I think in Ireland’s case it’s less that the land was marginal and therefore pastoralism was practised as a substitute but that the land was particularly suited to cattle and so pastoralism was practised in preference (or maybe it was marginal for crops for the same reason it was good for cattle i.e. very heavy rainfall.

    -heavy rainfall
    — lush grass
    — fat cattle
    —- pastoralism
    —– clans

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  31. @g.w. – “Before the heavy plow? My understanding is that all of that is true but only after the heavy plow was invented and spread.”

    yes, i think this is right.

    @g.w. – “I think in Ireland’s case it’s less that the land was marginal and therefore pastoralism was practised as a substitute but that the land was particularly suited to cattle and so pastoralism was practised in preference….”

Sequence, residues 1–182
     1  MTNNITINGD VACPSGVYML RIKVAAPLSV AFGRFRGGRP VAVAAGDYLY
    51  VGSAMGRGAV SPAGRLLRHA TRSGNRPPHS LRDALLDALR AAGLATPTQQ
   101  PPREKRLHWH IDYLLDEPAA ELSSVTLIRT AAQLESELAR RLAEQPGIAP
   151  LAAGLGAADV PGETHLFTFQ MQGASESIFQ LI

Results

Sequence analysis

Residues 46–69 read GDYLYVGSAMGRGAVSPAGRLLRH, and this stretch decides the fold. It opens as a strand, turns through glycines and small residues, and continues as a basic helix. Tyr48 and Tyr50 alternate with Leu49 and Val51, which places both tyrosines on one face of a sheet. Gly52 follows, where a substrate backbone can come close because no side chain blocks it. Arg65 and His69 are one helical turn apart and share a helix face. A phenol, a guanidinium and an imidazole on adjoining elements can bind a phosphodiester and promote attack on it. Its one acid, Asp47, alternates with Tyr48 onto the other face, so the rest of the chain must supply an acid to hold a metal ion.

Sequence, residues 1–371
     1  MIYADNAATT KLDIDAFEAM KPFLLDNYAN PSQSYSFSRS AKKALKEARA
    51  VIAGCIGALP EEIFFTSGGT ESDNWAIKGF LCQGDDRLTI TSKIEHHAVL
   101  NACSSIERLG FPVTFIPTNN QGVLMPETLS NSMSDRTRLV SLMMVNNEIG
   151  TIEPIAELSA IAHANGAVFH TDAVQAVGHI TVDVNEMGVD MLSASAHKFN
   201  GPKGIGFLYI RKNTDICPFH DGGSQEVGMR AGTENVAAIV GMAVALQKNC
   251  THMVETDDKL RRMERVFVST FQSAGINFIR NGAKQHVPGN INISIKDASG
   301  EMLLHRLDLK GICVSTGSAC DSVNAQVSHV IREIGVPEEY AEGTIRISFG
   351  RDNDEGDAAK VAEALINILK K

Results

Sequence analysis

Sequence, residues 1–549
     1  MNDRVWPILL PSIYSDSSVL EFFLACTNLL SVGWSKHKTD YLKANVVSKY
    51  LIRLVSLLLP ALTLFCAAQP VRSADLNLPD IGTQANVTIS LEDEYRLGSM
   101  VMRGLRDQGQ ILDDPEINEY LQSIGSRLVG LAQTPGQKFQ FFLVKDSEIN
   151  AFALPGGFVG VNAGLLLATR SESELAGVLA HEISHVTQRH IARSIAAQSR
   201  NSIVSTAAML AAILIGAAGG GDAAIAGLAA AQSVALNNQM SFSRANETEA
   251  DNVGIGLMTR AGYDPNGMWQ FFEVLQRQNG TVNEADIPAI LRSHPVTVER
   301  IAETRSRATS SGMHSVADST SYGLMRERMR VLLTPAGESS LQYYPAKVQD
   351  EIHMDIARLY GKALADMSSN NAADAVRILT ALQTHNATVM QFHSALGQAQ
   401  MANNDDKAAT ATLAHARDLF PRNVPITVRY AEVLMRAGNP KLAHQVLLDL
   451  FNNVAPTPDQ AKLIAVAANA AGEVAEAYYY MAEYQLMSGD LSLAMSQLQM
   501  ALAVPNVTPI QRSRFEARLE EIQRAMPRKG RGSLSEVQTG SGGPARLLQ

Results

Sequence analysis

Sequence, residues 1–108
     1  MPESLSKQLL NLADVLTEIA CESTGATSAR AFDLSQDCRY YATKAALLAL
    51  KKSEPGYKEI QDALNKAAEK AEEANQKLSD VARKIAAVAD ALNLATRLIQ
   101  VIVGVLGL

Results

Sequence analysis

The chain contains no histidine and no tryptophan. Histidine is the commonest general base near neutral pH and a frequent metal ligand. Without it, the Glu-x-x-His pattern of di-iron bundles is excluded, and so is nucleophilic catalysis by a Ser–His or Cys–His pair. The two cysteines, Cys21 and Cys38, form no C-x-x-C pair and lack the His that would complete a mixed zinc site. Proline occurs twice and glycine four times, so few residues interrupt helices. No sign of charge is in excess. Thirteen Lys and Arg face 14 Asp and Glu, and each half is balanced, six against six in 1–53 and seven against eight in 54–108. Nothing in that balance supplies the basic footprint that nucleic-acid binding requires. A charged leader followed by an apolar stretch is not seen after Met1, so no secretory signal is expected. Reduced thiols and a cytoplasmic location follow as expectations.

probably. it’s definitely true that the iron age and early medieval — and late medieval — irish were cattlemen. i can’t remember why mitterauer said they didn’t adopt the new farming techniques, including adopting rye (they stuck to the old barley) — i’ll have to go look it up.

    @g.w. – “i.e. very heavy rainfall”

    sheesh! it’s a wonder the island isn’t under water! (^_^)

    Reply

  32. hubchik
    “i can’t remember why mitterauer said they didn’t adopt the new farming techniques”

    My guess would be the cost/benefit wasn’t as good because of the climate i.e. the returns on the new crops weren’t as good because of the latitude / rain / wind while at the same time the return from cattle was higher.